A Father is Like a Tree Trunk

A Father is Like a Tree Trunk


A father is like a tree trunk, a mother the branches and the leaves, and their children stand in their shade safe and secure’ seems so apt with our Father’s Day Collection centred on the strength of British woodlands, and some exclusive products created from them. Father’s Day in the UK is on Sunday, 19 June.

In this article, we explore the different kinds of fathers, the important role they have in our lives and why we must celebrate them.

As there are hundreds of trees, there are fathers in greater numbers. We sometimes feel the need to categorise. With trees, there are either deciduous – that is hardwoods that typically shed their leaves in autumn (like oak, elm  and willow) or coniferous, mostly evergreens that have greenery year-round (like pine, spruce and cedar).

Placing fathers in categories is trickier. Based on your own experiences, you could choose from 'good', 'bad', 'ugly' or 'meh' categories.

What kind of Dad are you? What kind of Dad do / did you have?

For some people, fatherhood is seen as two sides of a coin -- either on the one hand you have the responsible, thoughtful, nurturing, affectionate, interactive, sharing, providing dad; or you have the divorced, addicted, distant, critical, rejecting, neglecting, unfaithful, seductive, abandoner, deceased, taken or narcissistic dad.

As modern families evolve, even sociologists find it challenging to put fathers into boxes, with fascinating titles based on whether they are biological or not, and their levels of motivation:
- Motivated biofathers, who are biological fathers and are also committed to social relationships with their children.
- Unmotivated biofathers (also called deadbeat dads), who participate little or not at all.
- Motivated non-biofathers such as stepfathers, foster, adoptive fathers, same sex fathers who play an active role in caring.
- Unmotivated non-biofathers who are in romantic relationships with mothers, but who do little childcare.

Furthermore categories of fathers can be found on a continuum between breadwinner and caregiver, and so there are:
- Provider Dads who perform the traditional male role of being primary breadwinners, do not actively interact with their children take parental direction from the caregiver, who is not working or is working part-time; while
- Super-Sub Dads are primary breadwinners, but with a more care-giving mindset at home, being equal care-givers outside of working hours, and willingly take on more traditional female tasks. Finally there are
- Carer Dads, the primary caregivers with a partner working full-time or part-time, and they like staying at home with the children and see themselves as pro-active and hands-on.

Why are fathers so important?

There may be little value in splitting hairs over categories of fathers. Just as different types of trees have different strengths and benefits under different conditions, so do different types of fathers. Deciduous trees shade your home in the summer and let sunlight filter through their bare branches during the winter to warm your home after they drop their leaves, while evergreen trees shade your home in the summer and provide a windscreen to block harsh winter breezes as well as act as a privacy fence to block unwanted views.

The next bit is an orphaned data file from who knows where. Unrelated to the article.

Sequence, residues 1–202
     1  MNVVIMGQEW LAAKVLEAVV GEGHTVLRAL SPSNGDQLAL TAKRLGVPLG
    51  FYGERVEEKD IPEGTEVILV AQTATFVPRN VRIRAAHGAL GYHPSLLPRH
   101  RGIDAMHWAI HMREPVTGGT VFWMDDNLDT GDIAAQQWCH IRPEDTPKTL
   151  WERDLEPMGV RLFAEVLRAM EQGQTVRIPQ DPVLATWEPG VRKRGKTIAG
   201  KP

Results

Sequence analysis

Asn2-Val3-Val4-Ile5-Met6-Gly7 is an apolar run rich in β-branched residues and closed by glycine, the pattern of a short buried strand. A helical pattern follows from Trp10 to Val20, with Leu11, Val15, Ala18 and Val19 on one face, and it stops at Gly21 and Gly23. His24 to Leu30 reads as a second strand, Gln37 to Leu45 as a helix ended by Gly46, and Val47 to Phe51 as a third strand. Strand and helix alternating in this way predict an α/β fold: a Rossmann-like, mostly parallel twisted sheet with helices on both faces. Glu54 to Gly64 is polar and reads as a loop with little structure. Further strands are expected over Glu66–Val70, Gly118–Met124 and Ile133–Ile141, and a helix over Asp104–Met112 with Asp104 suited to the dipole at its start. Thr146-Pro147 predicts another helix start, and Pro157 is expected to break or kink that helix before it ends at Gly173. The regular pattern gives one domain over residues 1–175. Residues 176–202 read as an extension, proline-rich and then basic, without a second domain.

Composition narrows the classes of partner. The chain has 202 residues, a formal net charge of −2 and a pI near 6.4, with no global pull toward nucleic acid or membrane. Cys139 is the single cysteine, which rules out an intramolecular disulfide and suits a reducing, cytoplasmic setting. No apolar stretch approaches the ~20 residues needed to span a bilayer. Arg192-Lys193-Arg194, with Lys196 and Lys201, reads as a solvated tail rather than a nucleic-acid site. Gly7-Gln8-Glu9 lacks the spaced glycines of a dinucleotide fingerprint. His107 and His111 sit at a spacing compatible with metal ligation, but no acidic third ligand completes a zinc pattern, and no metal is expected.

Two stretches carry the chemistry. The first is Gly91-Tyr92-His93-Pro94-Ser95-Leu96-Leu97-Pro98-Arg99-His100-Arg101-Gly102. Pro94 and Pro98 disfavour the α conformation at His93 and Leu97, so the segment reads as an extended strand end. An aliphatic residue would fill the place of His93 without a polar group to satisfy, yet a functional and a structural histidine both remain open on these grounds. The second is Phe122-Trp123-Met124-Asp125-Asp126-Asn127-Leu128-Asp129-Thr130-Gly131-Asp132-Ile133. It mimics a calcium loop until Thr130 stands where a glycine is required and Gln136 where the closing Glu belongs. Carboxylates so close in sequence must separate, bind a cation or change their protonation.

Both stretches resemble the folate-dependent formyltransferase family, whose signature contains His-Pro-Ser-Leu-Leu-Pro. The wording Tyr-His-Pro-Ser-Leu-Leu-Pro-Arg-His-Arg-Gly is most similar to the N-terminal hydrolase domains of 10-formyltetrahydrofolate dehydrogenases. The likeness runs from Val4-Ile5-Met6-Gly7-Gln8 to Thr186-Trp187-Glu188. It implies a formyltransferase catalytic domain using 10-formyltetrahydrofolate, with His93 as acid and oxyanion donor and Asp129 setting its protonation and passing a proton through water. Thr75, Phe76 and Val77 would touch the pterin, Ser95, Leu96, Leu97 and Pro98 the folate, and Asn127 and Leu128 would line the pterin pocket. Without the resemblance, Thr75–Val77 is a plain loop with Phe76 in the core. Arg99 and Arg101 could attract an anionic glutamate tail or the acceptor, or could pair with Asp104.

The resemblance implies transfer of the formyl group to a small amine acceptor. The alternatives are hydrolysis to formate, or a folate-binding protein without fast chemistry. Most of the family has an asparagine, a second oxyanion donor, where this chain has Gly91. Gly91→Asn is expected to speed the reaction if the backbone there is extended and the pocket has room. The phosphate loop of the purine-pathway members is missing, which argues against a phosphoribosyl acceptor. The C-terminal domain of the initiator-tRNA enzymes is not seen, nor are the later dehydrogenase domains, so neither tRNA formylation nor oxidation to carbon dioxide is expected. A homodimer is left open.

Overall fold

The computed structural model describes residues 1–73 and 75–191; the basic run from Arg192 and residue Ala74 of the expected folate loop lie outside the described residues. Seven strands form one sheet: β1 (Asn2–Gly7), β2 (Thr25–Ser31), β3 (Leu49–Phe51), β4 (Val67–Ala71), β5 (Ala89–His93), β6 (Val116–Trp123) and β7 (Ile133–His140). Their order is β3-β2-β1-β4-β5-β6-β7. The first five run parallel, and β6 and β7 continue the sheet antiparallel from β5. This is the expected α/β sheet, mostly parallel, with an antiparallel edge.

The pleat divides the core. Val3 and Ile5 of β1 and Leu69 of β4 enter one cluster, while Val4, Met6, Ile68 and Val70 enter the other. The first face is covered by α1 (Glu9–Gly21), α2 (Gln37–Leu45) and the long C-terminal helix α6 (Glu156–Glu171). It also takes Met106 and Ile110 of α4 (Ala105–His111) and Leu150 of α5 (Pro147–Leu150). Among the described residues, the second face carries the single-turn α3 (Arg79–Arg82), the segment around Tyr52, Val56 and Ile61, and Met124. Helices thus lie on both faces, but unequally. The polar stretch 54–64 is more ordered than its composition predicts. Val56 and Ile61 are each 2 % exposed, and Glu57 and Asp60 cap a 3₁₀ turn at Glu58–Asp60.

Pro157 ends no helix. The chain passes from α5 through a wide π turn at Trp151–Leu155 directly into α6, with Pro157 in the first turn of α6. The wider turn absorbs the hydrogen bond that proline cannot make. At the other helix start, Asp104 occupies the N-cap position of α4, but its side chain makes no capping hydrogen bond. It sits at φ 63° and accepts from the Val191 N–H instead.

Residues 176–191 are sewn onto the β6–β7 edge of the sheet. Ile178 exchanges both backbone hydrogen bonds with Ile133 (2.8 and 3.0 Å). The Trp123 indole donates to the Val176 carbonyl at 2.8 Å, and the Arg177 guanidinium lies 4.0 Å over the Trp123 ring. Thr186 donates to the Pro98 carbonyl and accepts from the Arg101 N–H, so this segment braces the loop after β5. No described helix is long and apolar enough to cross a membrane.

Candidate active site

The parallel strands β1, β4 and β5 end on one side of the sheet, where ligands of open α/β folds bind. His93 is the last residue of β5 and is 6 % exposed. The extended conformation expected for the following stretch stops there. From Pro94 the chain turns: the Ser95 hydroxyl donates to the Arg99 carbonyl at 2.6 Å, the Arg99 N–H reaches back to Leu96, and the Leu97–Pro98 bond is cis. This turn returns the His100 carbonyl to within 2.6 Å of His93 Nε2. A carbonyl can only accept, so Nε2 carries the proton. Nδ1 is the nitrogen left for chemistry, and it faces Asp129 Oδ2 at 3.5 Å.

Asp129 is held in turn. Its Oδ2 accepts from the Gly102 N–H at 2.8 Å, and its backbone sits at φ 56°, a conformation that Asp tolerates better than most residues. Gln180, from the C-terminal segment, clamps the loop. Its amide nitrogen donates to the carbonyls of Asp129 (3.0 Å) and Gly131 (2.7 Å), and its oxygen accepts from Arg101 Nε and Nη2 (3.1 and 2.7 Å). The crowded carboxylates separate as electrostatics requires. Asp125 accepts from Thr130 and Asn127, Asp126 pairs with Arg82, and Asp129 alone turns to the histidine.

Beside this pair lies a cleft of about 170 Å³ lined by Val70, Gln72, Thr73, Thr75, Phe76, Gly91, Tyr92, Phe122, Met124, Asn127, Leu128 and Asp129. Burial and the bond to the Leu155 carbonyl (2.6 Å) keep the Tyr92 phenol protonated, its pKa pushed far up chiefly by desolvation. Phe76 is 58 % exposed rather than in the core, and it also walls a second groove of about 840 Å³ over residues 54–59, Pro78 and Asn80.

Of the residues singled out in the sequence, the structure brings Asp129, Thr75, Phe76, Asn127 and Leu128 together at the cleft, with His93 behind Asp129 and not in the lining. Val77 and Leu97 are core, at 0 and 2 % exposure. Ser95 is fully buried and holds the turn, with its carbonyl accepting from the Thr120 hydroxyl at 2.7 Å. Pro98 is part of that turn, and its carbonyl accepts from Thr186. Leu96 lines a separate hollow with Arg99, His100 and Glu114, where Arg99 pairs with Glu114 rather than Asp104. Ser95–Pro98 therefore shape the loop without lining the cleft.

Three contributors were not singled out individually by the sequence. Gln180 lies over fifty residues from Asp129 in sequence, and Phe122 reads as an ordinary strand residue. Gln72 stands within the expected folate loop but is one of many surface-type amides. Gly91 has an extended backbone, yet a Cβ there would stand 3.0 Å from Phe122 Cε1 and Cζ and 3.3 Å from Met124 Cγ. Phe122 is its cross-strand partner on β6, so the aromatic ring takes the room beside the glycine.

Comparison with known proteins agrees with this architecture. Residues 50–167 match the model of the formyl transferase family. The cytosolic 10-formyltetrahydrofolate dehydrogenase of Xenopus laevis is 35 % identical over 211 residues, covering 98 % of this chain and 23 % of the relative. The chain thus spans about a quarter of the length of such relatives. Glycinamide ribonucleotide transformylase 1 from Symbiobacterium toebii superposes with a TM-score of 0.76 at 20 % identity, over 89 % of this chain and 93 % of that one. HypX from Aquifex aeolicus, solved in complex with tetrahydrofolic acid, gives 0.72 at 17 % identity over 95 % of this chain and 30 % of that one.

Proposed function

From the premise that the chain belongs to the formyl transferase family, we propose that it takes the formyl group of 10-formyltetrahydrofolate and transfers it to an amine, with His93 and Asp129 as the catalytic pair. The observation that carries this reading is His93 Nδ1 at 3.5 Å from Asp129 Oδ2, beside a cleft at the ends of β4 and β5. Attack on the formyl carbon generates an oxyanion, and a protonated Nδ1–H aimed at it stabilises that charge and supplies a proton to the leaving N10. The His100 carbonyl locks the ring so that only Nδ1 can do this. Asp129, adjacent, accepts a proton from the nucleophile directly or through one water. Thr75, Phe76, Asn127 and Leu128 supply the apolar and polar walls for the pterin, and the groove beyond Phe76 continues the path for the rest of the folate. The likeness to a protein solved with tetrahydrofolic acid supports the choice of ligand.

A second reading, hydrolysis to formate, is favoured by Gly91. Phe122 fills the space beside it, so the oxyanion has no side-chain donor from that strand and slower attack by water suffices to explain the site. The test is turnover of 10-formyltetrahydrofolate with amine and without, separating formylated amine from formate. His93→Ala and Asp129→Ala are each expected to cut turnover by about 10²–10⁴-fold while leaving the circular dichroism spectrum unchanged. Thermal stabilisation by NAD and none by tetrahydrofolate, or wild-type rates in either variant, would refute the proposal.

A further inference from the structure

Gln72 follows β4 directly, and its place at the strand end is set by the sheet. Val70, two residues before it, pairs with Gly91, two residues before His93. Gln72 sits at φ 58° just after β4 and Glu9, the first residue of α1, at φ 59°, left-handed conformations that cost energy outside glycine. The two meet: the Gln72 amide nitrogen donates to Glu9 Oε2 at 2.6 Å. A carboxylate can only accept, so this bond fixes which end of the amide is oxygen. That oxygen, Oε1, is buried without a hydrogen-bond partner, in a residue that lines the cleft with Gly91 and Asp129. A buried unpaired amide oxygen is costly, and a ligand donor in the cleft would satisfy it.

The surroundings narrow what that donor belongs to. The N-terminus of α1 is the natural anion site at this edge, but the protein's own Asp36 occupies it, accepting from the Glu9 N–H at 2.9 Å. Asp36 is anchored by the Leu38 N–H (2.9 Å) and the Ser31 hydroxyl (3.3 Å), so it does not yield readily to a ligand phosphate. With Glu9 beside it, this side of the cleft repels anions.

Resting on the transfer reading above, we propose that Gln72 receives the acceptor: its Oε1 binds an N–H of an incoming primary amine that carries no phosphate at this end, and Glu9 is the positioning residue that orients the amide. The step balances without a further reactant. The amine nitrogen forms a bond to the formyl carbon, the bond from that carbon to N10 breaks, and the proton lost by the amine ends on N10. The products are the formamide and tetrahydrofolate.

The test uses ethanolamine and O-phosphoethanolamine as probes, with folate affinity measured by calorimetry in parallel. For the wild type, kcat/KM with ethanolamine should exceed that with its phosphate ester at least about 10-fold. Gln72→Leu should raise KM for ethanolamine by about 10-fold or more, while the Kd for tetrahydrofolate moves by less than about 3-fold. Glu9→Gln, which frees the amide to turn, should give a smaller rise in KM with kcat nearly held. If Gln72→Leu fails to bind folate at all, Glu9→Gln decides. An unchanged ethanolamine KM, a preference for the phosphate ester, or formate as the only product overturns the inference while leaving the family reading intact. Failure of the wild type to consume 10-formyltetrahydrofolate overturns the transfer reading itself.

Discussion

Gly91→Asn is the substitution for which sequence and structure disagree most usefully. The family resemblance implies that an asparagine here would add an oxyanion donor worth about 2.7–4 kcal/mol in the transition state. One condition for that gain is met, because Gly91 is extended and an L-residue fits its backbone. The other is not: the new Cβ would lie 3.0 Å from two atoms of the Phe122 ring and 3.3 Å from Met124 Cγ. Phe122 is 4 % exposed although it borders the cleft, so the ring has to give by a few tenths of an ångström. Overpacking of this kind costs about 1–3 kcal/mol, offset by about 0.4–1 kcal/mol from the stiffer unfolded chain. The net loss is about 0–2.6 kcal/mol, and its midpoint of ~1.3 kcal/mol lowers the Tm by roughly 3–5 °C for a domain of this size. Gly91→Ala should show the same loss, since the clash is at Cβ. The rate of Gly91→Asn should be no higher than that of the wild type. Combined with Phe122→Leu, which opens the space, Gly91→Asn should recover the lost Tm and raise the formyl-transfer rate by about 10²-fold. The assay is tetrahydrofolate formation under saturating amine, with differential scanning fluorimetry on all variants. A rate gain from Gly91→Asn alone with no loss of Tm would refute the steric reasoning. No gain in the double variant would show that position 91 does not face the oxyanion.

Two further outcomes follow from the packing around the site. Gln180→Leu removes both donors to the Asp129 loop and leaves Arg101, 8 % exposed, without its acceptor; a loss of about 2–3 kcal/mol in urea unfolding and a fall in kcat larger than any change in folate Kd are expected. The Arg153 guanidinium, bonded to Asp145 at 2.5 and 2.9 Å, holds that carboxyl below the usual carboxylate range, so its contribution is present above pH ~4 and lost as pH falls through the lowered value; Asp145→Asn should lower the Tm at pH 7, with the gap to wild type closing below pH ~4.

It's clear from research that fathers matter: father figures and fathers have a crucial role to play in children's emotional development, and children need fathers - just as they need mothers - to love them, be interested in them, and respond to their needs, making them feel valuable and understood.

Furthermore, fathers matter because they are important to their partners, and can model healthy relationships for their children. Children take on board their parents’ relationship, so the success or failure of their own future relationships will be deeply influenced by how their parents manage things.

As Gregory E. Lang in his book, Why a Daughter Needs a Dad, puts it: "A daughter needs a dad to be the standard against which she will judge all men.”

Let's celebrate fathers

Some fathers are like oaks - steady, strong, durable, and others not quite so. They like us need some encouragement, reassurance and replenishing from time to time.

Whatever type of Dad you are, have or have had, where possible, let's celebrate the strengths of Dads, and allow ourselves to forgive where we need to.

For more:
Association of Child Psychotherapists (2020) Fathers - Understanding the Vital Role That Fathers, & Father Figures, Play in Children’s Emotional Development
https://childpsychotherapy.org.uk/resources-families/understanding-childhood/fathers-understanding-vital-role-fathers-father-figures  

Fransozo E. (2018) Types of Damaging Fathers and How They Influence Who We Are
https://www.elisabettafranzoso.com/articles/types-of-damaging-fathers-how-they-influence-who-we-are 

Lewis C. and Lamb M. (2007) Understanding fatherhood A review of recent research. York: Joseph Rowntree Foundation
https://www.jrf.org.uk/sites/default/files/jrf/migrated/files/understanding-fatherhood.pdf

Nickelodeon (2017) Wait Until Your Father Gets Home
https://kidscreen.com/2017/02/28/nickelodeon-finds-traditional-dad-roles-are-changing-in-oz/

Robles M. (2020) Peace Corps Volunteer Story
https://www.peacecorps.gov/tanzania/stories/father-tree-trunk-mother-branches-and-leaves/

Support for Fathers (2021) Seven types of Dad
https://supportforfathers.com.au/resources/resources/7-types-of-dad/
https://www.youtube.com/watch?v=CM6tt0RC0Ac&t=2s

Back to blog

Leave a comment